Wed, 09/07/2005 — Sak

Martin Scorcese's Tilt is an epic, whirlwind ride of a movie that takes one to the dank inner recesses of his or her soul and back. Brenda Louise Davenport (played to perfection by Brooke Shields) is a young woman with a wide array of psychological problems -- and physical addictions. Carried into the seedy underworld of latent drug currently making a splash onto the streets of urban American life known as Pinball (or P.B., Th' Ball, Pin, and Gottleb Gold) by the hands of the nefarious arcade hustler Harold "The Whale" Remmens (acted to perfection by a more neurotic than usual Charles Durning). Can Neil Gallagher (a well hung Ken Marshall, second cousin to Gallagher: Sledge-O-Matic.com and Gallagher: Overboard's Gallagher), a street-savvy pick-pocket with a heart of gold turn Brenda's life right-side over?

When released in 1979, audiences were uncaring, just coming down from a video-game-to-movie high with Star Wars: The Arcade Game: The Movie: Episode IV: A New Hope: The Home Version; Tilt ultimately proved to be too heady for audiences. French philosopher Jean-Luc Ryotard even went as far as to write a 352 page treatise regarding the movie, entitled Simulacra and Visions from Behind the Ball: Cultural Memory and the Post-Data-East Subject. A brief excerpt: "A trace left from behind the languid pinings of 19th century Germany, Tilt situates itself forever behind and yet immanently ahead of its subject matter. Scorcese has fufilled (and yet infinitely emptied) the Freudian vision of excess."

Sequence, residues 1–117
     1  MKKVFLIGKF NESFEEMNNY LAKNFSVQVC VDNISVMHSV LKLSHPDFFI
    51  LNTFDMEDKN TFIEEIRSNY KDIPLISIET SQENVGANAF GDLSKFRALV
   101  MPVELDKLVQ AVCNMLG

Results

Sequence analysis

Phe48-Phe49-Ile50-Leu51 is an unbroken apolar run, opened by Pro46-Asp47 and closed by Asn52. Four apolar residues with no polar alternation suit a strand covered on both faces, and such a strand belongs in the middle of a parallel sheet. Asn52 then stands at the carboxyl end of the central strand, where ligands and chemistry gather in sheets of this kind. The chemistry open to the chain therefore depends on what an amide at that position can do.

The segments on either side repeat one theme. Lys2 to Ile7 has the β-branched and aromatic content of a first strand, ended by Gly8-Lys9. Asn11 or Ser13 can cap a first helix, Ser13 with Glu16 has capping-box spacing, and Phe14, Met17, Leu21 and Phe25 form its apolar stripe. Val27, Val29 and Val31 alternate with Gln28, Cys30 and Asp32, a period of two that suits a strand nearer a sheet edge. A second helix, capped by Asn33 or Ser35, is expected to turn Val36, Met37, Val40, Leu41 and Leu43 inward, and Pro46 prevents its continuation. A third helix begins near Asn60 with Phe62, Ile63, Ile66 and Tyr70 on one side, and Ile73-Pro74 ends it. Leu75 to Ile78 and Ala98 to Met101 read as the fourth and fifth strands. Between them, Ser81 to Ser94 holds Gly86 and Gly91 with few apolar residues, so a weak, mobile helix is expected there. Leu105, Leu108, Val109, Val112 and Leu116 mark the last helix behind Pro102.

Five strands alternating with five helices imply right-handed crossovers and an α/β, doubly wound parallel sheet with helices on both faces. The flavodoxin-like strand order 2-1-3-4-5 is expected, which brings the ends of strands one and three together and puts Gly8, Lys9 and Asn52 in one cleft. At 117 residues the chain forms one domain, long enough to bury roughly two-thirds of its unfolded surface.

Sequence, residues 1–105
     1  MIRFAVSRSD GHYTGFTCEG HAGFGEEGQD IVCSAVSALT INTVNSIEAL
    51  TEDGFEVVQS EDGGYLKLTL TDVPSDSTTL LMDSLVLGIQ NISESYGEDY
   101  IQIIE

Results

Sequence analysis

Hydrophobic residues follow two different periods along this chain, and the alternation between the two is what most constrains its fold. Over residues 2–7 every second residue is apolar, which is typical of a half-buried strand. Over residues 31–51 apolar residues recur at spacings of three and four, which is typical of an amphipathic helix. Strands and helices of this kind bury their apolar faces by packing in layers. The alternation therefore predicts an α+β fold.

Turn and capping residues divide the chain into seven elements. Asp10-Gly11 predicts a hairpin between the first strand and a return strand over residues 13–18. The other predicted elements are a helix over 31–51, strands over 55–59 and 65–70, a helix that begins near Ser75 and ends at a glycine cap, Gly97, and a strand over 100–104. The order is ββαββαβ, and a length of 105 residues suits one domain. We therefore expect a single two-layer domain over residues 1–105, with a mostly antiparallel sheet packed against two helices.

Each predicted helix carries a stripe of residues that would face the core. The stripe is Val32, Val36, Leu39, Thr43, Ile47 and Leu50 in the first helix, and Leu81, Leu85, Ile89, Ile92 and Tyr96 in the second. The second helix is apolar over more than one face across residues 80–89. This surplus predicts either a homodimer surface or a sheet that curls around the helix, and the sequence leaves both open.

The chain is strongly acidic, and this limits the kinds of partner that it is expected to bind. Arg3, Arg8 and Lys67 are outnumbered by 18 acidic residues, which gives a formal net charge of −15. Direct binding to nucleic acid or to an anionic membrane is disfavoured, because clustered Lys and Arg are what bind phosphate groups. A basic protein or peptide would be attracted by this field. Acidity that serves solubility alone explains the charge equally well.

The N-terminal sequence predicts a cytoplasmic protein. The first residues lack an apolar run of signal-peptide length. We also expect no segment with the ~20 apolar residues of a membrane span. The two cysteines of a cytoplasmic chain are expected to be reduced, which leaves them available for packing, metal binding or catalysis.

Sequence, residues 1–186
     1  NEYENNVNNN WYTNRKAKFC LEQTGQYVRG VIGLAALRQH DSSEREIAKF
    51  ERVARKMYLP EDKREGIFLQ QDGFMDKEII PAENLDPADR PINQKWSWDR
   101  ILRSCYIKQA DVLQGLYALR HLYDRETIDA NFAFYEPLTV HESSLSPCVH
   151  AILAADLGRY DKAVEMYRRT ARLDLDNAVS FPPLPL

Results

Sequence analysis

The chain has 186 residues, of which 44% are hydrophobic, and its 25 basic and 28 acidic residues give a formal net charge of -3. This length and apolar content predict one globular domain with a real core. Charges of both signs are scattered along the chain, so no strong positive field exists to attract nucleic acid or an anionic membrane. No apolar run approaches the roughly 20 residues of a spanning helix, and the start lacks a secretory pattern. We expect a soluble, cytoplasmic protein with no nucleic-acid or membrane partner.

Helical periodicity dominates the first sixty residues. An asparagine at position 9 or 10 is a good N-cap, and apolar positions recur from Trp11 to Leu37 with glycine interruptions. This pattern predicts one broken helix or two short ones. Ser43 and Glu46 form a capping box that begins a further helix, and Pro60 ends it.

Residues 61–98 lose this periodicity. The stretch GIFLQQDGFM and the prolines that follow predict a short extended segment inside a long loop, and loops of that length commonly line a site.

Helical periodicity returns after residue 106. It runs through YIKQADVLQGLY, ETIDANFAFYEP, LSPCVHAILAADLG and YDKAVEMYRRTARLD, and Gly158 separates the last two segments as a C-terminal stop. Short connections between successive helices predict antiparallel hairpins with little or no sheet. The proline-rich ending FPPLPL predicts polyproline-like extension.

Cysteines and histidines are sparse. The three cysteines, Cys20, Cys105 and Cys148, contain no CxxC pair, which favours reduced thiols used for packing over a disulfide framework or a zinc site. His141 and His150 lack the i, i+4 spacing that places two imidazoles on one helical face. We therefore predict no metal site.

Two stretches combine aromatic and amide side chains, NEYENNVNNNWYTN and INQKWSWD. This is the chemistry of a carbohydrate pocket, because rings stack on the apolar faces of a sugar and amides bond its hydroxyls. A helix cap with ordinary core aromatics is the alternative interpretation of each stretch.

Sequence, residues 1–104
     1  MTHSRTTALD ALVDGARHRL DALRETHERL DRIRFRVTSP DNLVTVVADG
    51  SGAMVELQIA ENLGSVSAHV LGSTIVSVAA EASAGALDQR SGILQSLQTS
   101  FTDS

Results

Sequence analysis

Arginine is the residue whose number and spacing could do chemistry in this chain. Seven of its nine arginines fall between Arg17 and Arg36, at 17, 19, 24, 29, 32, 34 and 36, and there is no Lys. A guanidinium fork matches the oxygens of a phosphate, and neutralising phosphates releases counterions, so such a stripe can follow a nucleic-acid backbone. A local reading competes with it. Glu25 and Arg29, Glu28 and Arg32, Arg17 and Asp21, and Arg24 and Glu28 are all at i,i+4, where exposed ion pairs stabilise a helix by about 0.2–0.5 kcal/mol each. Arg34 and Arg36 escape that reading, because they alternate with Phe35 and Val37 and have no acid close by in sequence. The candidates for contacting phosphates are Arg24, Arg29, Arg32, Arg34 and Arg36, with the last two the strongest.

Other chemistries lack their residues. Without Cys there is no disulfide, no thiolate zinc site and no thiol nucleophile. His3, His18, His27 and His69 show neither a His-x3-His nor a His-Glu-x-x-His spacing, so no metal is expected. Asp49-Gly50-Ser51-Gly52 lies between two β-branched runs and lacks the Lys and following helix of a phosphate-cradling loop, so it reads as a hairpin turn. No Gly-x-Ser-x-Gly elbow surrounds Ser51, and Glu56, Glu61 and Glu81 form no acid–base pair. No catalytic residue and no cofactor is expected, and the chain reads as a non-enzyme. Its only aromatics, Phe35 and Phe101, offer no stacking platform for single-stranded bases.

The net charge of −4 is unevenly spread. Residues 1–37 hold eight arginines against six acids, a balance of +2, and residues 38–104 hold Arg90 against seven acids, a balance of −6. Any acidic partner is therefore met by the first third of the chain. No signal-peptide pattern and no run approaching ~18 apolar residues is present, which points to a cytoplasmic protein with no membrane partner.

American audiences were baffled. One scene particularly perplexing to the audience (no doubt brought up on fireworks and cheeseburgers) was a now famous portrait of cinema wherein Shields's character defecates on a Dukes of Hazard pinball machine whilst Gallagher furiously masturbates utilizing only the gentle, lovingly hand-crafted levers of a Pong system. The twisted tangueidas of Astor Piazolla play furiously in the background. And foreground. Scorcese on his now immortal piece of art: "Dude -- I. Fuck, man. It was, what? '79? I just -- man, I am just going to say there was a lot of coke going around, alright? C'mon, I know she was like eleven, but that is no worse than the Blue Lagoon or that one movie where the dude bones her, right? Right? Shit, man, I can't even justify this to myself."

Tom"bo" Thompson(bo), director of the American-Bolivian-Canadian Institute of Pan-National Art, was recently asked if Tilt would ever be nominated for inclusion in the ABCIPN's annual pan-national cinematic preservation time capsule (sponsored by eight year old Jimmy Simpson and his backyard), "Bo" could only reply with, "Tilt? You've -- you've got to be kidding me, right? Seriously -- I? Tilt? I thought like six people saw that movie back in the day. Man, I -- that takes me back. Fingerbanged my first girlfriend at that movie. Later, we sparked up a J and listened to Jefferson Starship's Jane on loop." Bo released a tired sigh, and continued, "I was only thirty-seven."

Some, however, continue to debate the importance of this post-modern-pre-quasi-contemporary masterpiece. Ryotard, twenty-six years after the fact, apparantly has made an about-face regarding his opinion of Tilt. His death-related silence can only be attributed to a lack of enthusiasm regarding the chef-d'oeuvre of electronic-gaming-based cinema.


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